I have since gone on to have a lower back fusion the following year with the same neurosurgeon, this time at the downtown hospital and everyone was aware that I have MH. I have also had two spinal blocks with the same neurosurgeon with only local anesthetic because we never want to relive that nightmare again. It was the single worst time of my life and any time I must give my medical history; the doctors are astounded because it is so rare, or they haven’t heard of it.  More training and awareness need to be provided for all medical care staff across the board so they can save another life. I wear a medic alert bracelet now every single day no matter where I go signifying that I have MH because if I can’t talk for myself, someone needs to know how severe of a reaction I have to anesthesia.

Thanks to that amazing anesthesiologist, I am still around today. I even had a hip joint injection last week with the same neurosurgeon (he has become my one and only-my favorite) and later this week, my husband and I will be accepting three foster kiddos into our home to share our love with. All because this anesthesiologist knew what he was doing. I could not be more thankful.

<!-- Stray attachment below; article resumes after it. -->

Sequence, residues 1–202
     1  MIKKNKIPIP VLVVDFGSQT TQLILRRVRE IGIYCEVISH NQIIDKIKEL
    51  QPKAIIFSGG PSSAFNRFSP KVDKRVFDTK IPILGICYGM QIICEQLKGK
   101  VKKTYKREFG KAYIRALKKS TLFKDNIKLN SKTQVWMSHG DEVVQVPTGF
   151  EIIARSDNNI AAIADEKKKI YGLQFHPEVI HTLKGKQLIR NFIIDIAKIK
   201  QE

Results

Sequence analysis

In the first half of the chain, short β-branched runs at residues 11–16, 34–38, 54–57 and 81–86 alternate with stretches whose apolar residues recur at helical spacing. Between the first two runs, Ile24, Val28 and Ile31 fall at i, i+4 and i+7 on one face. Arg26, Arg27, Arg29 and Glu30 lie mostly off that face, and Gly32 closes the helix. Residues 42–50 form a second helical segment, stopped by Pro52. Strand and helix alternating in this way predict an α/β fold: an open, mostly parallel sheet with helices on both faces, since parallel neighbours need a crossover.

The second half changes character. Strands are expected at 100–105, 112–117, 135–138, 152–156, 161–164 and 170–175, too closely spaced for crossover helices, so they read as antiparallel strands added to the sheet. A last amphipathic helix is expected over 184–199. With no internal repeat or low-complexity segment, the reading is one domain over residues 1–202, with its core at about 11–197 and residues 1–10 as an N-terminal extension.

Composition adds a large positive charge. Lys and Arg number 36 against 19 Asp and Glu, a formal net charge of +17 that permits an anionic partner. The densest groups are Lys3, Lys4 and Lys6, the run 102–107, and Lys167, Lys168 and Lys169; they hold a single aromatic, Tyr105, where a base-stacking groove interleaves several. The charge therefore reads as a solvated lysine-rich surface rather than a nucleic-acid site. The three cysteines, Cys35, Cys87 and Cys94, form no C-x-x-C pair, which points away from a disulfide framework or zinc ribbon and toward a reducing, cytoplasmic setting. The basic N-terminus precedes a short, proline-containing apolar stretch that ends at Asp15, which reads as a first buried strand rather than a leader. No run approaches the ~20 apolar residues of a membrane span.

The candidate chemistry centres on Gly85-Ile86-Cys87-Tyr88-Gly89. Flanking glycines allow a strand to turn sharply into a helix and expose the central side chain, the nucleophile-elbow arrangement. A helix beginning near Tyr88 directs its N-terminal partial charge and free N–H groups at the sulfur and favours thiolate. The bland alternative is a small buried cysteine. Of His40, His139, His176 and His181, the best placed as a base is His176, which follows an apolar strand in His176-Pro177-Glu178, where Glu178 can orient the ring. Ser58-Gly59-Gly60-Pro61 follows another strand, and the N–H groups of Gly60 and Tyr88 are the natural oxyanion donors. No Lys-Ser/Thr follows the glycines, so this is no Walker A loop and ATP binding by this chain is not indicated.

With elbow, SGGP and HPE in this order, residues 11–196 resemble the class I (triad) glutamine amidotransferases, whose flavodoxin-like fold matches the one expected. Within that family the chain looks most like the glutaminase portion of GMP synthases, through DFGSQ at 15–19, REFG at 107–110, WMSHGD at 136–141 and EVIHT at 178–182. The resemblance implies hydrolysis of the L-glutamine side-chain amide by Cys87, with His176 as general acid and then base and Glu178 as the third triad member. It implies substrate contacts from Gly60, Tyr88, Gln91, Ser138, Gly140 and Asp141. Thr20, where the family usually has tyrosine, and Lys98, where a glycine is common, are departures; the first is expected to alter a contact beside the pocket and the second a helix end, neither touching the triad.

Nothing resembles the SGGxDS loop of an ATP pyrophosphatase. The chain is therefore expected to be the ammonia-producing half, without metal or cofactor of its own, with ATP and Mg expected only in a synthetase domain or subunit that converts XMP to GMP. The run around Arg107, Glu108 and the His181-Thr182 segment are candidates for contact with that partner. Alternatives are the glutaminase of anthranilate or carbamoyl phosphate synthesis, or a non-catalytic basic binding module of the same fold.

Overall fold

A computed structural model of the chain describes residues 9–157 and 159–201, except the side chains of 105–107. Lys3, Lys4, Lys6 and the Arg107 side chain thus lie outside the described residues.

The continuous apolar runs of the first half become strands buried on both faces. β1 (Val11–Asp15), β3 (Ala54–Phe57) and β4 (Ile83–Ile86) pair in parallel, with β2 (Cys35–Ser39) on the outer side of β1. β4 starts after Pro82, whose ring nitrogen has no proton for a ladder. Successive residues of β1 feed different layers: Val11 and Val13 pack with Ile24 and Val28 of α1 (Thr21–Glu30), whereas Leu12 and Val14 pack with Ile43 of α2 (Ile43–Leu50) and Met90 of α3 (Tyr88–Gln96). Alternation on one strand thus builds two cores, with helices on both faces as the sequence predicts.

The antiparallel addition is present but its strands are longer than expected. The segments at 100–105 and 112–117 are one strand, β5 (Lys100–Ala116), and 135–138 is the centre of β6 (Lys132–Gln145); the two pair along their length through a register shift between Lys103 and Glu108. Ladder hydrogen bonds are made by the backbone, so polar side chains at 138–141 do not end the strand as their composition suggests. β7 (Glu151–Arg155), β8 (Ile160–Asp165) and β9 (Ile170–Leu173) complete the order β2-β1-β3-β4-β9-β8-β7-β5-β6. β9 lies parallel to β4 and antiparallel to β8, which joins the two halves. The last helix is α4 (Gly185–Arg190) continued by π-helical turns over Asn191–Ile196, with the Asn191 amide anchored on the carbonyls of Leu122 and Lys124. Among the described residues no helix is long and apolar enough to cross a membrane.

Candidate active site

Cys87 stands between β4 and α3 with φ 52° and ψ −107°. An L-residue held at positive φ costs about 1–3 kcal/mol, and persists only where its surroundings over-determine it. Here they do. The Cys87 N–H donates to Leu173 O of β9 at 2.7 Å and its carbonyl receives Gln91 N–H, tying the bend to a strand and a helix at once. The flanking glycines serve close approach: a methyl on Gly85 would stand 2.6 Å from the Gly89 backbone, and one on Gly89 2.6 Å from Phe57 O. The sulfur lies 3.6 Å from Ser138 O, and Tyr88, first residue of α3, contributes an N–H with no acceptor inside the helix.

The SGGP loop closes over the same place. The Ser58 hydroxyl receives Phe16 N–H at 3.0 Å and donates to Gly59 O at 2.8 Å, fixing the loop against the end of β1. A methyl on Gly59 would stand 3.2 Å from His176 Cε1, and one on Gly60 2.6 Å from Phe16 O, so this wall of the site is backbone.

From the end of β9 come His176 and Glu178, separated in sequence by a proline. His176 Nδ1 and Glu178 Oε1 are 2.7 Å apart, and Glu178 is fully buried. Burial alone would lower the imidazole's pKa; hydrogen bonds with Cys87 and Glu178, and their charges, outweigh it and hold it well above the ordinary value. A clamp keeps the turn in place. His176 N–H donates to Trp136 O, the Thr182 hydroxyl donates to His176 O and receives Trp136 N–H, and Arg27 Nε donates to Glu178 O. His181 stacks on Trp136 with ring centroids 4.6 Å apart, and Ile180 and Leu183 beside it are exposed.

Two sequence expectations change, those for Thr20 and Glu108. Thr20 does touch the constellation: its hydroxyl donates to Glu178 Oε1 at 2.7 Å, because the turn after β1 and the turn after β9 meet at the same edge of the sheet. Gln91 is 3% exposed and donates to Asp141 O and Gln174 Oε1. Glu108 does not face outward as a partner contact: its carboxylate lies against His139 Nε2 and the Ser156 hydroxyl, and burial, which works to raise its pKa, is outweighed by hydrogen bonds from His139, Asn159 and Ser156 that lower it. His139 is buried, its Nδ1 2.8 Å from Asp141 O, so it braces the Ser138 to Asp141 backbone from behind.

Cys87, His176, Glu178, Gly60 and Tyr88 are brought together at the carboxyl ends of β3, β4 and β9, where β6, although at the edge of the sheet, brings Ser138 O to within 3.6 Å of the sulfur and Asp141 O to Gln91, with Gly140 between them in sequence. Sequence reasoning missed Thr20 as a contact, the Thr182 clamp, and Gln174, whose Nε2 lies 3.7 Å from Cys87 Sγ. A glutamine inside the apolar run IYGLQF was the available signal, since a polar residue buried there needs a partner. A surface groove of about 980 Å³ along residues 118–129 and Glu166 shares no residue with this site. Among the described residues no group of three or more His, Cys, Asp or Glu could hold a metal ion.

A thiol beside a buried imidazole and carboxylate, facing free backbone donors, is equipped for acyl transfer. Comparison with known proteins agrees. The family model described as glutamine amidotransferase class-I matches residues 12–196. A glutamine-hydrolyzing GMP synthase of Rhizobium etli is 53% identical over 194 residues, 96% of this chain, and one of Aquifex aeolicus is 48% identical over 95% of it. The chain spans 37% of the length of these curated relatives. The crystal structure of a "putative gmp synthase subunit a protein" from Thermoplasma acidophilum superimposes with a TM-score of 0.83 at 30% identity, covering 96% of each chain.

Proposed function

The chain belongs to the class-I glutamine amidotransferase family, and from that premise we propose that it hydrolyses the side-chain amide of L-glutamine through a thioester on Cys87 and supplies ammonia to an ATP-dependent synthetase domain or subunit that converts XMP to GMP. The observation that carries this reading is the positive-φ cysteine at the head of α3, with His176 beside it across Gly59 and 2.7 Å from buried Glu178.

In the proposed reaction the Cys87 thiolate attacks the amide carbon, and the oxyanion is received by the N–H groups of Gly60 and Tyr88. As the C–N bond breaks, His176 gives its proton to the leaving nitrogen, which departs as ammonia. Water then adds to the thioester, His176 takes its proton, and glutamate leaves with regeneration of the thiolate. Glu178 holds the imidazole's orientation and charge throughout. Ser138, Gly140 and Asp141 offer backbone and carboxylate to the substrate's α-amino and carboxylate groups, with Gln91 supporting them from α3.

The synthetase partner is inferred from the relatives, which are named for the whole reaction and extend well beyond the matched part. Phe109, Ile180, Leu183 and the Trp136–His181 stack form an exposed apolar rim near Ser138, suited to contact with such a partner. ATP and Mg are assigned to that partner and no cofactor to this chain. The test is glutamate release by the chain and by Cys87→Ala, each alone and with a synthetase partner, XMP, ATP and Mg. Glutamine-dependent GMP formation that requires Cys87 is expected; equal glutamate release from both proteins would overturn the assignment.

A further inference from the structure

As told by Katie Kovar

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Marie Versaci

Posted By Administration, Thursday, July 30, 2020


Marie's Story....

My story is a hard one to tell because one minute I was okay, and the next minute I wasn’t. The nurses called my husband to tell him to get to hospital because something had happened to me. He was told that I had a fever of 105 degrees and my kidneys had failed and I was aspirating. My doctor and husband sat down with a few other doctors to see if they would take my case. Those doctors said no but eventually they finally found some that would.

I don’t remember anything about this incident. When I first woke up, I thought it was still December 5th, 2001. However, it was actually February 2002. I looked at myself and panicked because I was hooked up to machines all over my body. I also had a trachea and couldn’t talk and had no clue what was going on. The doctors ended up having to put me in a coma because my body would start crashing. I never knew what time of day it was and had them call my husband to come at all hours of the day and night. I couldn’t even remember who anyone was. I was told it was due to the coma and the medications I was on.